10.4. When Not to Use VBA

There are times when you will attempt to solve a problem with VBA, only to find out that VBA is not the answer. The following example is such a case. Over time, you will learn to identify what can be solved with code, with a query or multiple queries, and also via the use of controls on a form.

10.4.1. Syncronized Subforms

Subforms are one of the more convenient features of Access. When one form (a subform) is nested inside another form (a main form), Access can keep the subform's data synchronized with the main form by using a common field to relate the two. In a typical example, the main form might be based on a Customers table and a subform could be based on an Orders table. As records are scrolled in the main form, Access filters the subform so that only relevant orders are displayed for that particular customer.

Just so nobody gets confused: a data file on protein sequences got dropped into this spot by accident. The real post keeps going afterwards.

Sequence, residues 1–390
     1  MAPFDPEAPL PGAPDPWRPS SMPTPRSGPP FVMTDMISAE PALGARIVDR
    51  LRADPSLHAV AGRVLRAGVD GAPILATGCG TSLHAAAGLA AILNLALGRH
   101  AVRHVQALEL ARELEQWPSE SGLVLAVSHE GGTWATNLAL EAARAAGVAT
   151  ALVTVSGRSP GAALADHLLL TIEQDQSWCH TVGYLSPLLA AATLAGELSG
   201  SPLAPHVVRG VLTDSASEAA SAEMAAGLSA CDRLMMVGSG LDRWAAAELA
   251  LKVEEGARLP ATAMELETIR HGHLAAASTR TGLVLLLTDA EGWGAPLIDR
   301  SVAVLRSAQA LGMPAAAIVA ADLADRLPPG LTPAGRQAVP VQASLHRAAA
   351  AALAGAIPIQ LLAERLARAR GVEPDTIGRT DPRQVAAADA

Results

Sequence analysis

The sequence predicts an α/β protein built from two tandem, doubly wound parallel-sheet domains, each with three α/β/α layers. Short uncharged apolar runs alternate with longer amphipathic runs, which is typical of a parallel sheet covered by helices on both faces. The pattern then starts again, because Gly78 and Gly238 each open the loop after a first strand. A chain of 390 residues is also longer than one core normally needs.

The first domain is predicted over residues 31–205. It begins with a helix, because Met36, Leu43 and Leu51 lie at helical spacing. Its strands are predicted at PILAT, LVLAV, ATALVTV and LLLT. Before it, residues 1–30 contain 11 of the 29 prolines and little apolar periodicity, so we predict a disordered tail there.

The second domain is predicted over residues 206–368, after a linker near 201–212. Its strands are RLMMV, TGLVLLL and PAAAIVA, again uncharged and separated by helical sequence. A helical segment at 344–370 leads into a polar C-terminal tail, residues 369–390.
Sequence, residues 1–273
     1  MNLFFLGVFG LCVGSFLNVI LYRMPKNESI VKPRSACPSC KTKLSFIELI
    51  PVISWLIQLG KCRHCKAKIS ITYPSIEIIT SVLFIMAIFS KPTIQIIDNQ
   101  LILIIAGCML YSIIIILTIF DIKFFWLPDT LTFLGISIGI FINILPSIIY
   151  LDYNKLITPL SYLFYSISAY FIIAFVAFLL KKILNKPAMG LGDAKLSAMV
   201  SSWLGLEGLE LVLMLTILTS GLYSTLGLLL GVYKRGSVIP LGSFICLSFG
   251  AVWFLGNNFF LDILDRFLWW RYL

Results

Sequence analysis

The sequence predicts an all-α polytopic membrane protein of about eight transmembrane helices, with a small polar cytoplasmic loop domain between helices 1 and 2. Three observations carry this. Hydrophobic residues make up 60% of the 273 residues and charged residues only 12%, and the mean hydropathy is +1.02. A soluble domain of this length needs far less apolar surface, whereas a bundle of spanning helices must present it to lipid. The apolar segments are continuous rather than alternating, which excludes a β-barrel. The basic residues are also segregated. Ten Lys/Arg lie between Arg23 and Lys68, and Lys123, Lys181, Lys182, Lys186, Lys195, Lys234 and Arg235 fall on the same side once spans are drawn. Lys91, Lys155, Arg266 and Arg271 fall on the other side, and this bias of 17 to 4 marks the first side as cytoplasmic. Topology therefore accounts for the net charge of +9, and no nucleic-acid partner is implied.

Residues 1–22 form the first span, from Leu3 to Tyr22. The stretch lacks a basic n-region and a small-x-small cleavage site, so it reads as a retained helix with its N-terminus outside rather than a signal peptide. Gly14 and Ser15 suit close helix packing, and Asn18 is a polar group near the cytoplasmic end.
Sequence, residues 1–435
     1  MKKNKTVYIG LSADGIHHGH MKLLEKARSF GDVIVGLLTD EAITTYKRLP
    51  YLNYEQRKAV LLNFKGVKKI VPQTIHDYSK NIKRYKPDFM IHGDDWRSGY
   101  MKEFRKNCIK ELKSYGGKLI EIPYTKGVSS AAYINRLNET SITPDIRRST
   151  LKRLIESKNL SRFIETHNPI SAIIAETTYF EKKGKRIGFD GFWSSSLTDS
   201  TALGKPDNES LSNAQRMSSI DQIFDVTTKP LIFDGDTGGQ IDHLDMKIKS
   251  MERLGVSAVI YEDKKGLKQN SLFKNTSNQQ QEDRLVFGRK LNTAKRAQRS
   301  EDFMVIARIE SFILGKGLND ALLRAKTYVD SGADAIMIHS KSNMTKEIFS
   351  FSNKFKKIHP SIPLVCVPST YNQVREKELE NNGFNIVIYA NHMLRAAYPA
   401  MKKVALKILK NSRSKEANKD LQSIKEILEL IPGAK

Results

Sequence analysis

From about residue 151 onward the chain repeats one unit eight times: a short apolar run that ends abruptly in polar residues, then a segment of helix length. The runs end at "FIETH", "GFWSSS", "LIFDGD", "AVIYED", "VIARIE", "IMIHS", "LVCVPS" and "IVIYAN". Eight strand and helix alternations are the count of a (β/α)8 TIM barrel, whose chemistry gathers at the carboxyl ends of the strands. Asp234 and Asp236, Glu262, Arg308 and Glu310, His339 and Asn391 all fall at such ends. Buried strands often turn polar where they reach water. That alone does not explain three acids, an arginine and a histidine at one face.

A subform can also be synchronized with another subform. This technique is demonstrated in the Customer Orders form of the Northwind.mdb sample file and illustrated in Figure 10-7.

The first subform is based on order data and is linked to the main form by CustomerID. The second subform contains order details data and is linked to the first subform by the OrderID field. The mechanism Access uses to synchronize a subform relies on the Link Child Fields and Link Master Fields properties of the subform control. Although a wizard can be used to set up a nested subform that is linked to its parent form, subforms that link to another subform must ...

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